Resistance in the Late Qing Dynasty & Early Republic

The relative prosperity experienced during the Kangxi period greatly contrast with the condition of Manchu China in the nineteenth century. By this time, China was entering one of its most challenging phases—being bombarded inside and out. Internal rebellions shook the social order and economy, Western powers increasingly degraded China’s place in the world, and Japan even began to dominate China rather than the historic opposite. This led to all kinds of hardships for all levels of society, resulting in various forms of resistance, some radical, eventually causing the collapse of the dynasty and a politically unstable republic.

Problems in China

Between these eras, the population tripled: growing from 150 million to 450 million. As asserted by Joseph W. Esherick, this figure showed prosperity, but also added a great burden; land ownership and power were also increasingly centralized in the hands of a few among hundreds of millions (5). Arguably, the inclination of the Qing system to cause downward social mobility for many contributed to this. All of this is not to mention the degradation of Confucian ideals that had guided the empire for millennia.

It’s worth noting, however, that the Manchus did Sinicize themselves to quite a high level throughout their rule, though they were still resented as hegemonic rulers. Mark C. Elliot explains:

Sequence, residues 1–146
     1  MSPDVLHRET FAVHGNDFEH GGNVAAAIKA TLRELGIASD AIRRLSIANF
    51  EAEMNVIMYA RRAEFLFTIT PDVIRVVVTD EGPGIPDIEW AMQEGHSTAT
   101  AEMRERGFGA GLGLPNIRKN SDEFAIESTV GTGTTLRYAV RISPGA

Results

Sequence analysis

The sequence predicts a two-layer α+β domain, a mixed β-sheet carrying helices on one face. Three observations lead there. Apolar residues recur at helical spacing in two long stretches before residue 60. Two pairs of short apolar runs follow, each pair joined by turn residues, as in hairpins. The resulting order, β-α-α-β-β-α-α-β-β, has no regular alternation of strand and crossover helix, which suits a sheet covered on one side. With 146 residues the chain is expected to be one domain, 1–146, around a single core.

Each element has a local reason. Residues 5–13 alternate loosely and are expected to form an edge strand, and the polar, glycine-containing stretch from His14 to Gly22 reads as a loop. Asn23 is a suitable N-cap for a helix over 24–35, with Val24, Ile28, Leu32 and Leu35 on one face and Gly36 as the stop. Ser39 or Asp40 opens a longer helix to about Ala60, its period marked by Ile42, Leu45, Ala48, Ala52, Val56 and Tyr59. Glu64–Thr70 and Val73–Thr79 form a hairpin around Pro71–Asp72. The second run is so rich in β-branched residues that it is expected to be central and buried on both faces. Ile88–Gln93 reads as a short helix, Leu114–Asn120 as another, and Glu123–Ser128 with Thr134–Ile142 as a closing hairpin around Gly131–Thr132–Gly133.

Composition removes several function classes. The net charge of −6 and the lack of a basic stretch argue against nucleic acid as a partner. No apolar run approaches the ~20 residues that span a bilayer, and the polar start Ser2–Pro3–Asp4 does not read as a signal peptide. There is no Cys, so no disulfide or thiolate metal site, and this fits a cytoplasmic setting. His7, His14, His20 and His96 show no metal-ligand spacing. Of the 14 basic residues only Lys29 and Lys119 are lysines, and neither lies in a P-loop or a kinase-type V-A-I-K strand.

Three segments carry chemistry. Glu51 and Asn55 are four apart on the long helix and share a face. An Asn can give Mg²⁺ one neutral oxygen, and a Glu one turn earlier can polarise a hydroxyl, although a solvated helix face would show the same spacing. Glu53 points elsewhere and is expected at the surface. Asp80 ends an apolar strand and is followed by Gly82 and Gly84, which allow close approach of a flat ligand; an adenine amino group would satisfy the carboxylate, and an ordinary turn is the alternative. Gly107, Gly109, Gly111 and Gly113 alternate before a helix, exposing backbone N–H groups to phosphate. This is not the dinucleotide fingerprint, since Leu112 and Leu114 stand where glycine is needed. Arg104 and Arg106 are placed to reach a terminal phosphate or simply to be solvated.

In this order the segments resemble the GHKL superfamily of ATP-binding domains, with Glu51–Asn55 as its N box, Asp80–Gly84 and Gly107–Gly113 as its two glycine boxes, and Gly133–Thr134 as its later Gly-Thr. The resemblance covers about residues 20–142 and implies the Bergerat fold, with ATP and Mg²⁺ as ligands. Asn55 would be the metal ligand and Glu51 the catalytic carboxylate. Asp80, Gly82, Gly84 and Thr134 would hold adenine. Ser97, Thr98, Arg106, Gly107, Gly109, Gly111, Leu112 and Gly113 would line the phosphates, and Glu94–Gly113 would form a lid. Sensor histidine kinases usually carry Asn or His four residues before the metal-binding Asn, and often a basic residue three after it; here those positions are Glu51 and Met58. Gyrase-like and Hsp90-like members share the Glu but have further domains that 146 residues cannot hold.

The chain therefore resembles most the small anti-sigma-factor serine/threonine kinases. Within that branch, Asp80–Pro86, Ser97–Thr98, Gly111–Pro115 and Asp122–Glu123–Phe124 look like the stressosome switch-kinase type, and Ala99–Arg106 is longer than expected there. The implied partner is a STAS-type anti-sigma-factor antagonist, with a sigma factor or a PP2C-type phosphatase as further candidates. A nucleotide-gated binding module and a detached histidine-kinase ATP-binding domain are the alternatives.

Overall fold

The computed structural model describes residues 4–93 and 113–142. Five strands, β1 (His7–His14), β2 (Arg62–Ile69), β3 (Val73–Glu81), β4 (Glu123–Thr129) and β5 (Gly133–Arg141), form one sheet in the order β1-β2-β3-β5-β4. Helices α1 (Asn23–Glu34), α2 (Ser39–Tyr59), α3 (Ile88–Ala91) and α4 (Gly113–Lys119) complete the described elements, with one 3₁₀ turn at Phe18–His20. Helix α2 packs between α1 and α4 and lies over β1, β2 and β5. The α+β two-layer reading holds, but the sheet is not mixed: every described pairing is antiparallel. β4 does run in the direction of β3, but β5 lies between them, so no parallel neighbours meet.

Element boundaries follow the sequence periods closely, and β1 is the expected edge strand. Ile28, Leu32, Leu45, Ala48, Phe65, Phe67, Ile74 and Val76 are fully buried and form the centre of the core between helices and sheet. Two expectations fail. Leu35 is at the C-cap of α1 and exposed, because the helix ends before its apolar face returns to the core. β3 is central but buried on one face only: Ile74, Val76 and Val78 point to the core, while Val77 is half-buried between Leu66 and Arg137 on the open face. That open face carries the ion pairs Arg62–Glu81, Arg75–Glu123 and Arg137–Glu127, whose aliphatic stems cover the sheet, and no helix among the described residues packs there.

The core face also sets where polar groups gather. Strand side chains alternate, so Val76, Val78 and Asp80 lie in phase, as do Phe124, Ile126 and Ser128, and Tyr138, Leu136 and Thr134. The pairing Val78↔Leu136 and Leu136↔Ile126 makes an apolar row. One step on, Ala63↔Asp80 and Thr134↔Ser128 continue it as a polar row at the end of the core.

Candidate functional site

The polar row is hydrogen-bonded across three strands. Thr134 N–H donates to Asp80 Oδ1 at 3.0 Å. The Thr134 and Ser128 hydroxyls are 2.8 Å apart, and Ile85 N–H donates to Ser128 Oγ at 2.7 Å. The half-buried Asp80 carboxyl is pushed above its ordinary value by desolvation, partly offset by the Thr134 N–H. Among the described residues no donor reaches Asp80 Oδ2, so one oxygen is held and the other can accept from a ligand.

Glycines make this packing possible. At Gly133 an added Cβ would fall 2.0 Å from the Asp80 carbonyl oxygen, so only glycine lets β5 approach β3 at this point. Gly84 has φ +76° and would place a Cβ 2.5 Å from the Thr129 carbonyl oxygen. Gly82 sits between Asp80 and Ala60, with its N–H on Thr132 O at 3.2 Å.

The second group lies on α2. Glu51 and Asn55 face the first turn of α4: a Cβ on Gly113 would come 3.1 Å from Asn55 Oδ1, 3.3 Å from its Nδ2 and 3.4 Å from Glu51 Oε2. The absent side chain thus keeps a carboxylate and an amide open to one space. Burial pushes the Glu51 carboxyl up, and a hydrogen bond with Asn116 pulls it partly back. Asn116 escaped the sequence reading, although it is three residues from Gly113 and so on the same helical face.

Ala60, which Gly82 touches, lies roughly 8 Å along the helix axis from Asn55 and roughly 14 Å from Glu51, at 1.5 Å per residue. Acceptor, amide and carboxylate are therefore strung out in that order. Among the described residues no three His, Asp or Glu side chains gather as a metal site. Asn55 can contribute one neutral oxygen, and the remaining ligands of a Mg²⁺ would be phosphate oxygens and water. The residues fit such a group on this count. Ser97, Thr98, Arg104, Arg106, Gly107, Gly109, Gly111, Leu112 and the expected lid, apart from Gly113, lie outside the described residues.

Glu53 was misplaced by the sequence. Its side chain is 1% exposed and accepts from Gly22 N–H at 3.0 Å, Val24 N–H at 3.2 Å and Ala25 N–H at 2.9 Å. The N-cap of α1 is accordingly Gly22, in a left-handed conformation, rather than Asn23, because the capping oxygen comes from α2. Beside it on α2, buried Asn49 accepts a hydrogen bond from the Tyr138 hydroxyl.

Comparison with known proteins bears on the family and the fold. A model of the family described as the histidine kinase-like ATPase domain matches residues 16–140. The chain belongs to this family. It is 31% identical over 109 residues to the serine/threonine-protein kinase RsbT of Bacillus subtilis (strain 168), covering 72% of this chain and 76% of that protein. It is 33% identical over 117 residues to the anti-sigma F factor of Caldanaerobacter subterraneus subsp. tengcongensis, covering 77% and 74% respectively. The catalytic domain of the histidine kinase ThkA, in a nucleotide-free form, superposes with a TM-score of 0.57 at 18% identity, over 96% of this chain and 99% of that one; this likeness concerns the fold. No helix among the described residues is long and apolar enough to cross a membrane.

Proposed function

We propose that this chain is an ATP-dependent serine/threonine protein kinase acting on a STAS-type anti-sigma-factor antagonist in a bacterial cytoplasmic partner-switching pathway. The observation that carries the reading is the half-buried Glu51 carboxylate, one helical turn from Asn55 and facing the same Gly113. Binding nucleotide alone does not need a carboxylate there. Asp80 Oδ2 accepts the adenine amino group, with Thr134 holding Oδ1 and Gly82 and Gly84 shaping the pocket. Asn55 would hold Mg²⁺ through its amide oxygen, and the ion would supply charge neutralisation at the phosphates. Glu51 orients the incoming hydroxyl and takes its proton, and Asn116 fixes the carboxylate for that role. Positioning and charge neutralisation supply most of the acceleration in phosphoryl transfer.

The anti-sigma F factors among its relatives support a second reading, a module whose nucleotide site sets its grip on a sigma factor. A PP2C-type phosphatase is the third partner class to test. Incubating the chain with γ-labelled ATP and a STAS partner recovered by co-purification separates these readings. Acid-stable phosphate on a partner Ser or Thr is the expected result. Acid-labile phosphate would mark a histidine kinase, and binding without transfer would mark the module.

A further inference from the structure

By the nineteenth century, Manchus wrote and spoke in Chinese, educated their children in the Confucian classics, composed poetry, and absorbed the cultural norms of the Chinese literati. Their skills as horsemen and archers, which Qing emperors promoted to preserve Manchu identity, declined markedly. Still, they were separate and privileged elite, and resentment of their political dominance was natural. (qtd. in Esherick 6).

However, some more progressive literati, like Yuan Mei (1716-1798), blended a Taoist-Buddhist love for nature with a peaceful acceptance of new ideas, which might not have been all bad. He Prosed:

In these few rooms next to a brook

the monks are long gone, Buddha’s fallen from his pedestal.

Incense ash all over the ground swirls into wind.

Squirrels gnaw prayer flags and shake their tails wildly.

I stumble over flowers on the wild vines

and in surprise clusters of butterflies swarm up.

(qtd. in Barstone and Ping 338).

Understandably, though, resistance came from all levels of society, with those of peasants with no options (and other marginalized groups) being violent rebellions that shook the social order: